Downtown (September 30, 2020)
Today marked our hundredth exploring the streets of Washington D.C. by foot. So far, we have walked for over three hundred miles. To put that in perspective, if we were walking from Washington D.C. to Boston, we would already be well past New York City. During our days of urban hiking we have come to realize how much we have previously missed when traveling by car or even by bike. There really is something to be said for slowing down and smelling the roses. Every day we come across something of interest. It might be a particularly captivating house or beautiful garden. Sometimes it’s a school named after an interesting person that we knew nothing about until we got home and did some googling. Getting out on the streets has also helped us to counter the feeling of isolation that these pandemic days have caused.
Speaking of which, nowhere is the effect of the pandemic more visible than downtown. Today we walked along the K and L street corridors. The two streets are the homes of numerous legal, consulting and lobbying firms. In fact, some would argue that the true power in Washington resides on these two thoroughfares rather than on Capitol Hill. Normally, on a Wednesday afternoon downtown would be bustling with suits but on this day there was barely anyone to be seen.
It didn’t help that many of the restaurants and stores were closed and some were still boarded up after the recent riots.
The streets are not very interesting visually, consisting mainly of modern concrete and glass buildings. However, every once in a while you across something more interesting. Such a building is the Almas Temple, a Masonic building with a beautiful Moorish facade facing Franklin Square. The building was constructed in 1929 and moved a hundred feet westward to its current location in 1987 to make way for a new office complex.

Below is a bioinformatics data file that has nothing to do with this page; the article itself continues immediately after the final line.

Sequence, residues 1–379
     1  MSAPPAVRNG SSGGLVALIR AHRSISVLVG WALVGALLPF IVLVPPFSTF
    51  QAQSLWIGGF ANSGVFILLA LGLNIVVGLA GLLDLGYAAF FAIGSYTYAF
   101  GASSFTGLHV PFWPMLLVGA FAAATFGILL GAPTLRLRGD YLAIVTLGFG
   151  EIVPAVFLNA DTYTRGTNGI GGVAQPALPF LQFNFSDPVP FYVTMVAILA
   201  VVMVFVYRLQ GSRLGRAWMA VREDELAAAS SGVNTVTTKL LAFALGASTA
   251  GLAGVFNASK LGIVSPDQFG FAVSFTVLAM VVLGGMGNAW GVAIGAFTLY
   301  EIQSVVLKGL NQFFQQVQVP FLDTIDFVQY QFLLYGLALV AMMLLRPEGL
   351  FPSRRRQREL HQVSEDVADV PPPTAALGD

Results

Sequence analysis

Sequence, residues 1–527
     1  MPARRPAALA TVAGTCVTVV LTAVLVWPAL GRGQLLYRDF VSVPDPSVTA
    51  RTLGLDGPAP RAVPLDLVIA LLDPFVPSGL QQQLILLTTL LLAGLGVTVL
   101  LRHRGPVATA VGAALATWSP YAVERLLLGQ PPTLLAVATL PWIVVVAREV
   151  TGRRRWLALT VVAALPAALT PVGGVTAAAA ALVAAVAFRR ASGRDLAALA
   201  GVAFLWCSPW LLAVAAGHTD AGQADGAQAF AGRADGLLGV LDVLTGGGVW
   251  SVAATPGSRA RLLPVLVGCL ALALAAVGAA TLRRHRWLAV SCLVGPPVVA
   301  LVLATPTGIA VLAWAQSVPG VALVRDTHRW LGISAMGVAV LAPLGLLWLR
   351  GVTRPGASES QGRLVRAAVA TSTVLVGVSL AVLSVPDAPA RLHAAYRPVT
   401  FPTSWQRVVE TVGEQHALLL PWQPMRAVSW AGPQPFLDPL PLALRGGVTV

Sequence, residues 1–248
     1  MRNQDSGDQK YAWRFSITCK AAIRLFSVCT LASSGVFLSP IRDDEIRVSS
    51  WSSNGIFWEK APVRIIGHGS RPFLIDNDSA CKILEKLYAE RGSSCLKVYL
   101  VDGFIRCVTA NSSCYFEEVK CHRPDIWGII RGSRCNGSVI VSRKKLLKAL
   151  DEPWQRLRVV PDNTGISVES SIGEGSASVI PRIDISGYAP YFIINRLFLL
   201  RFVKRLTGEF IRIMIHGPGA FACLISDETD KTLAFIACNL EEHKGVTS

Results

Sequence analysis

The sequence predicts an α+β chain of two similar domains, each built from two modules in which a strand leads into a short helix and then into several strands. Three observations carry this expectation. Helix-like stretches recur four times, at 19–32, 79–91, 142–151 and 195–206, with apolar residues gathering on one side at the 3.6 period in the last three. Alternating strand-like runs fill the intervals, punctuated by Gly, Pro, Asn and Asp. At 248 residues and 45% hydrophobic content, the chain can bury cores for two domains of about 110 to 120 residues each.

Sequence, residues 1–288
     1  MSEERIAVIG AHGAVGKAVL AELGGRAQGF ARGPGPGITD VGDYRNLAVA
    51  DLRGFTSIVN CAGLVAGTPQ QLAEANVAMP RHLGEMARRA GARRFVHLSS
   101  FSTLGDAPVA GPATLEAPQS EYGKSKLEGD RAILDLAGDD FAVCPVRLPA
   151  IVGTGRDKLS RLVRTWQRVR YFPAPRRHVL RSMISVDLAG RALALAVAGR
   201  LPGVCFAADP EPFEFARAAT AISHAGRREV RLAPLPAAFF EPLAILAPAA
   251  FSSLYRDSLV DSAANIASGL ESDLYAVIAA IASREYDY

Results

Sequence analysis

Another fascinating building overlooking Franklin Square is the Franklin School. Built in 1869, the school was the flagship building of eight modern urban public school buildings constructed in the District during 1860s and 1870s. Unexpectedly, the building has an important place in the history of telecommunications. On June 3, 1880, Alexander Graham Bell sent the world’s first wireless telephone message from the top floor of the building to his nearby laboratory on L Street.
Follow K Street east from downtown and you eventually run into Mount Vernon Square. Sitting in the middle of the square is beautiful Carnegie Library. Built in Beaux-Arts style, the library was donated by Andrew Carnegie and was opened in 1903. It operated for almost seventy years as a public library before it became overcrowded and the central library moved to the nearby MLK Memorial Library. The building now contains what may be the world’s most lavish Apple Store.
Across the road from the Apple store is the Walter E. Washington Convention Center. The 2.3 million square foot convention center was opened in 2003 and is named for the District’s first (and aptly named) home rule mayor.
Next to the Convention Center is Washington’s largest hotel, the Marriott Marquis, with 1,175 rooms. It was another woeful reminder of the effects of the pandemic to see no sign of life outside of what is normally a hectic hotel.
Walking along L Street we passed the iconic Post Pub that recently closed its doors. For many years the pub had been a favorite of Washington Post journalists who worked just around the corner. However, the pub found it hard to survive the impact when the Post moved its headquarters in 2015 and the advent of the pandemic led to its ultimate demise.
We passed numerous newly constructed buildings along L Street that appeared empty. Somehow this lonely tree appeared symbolic of the quiet times downtown.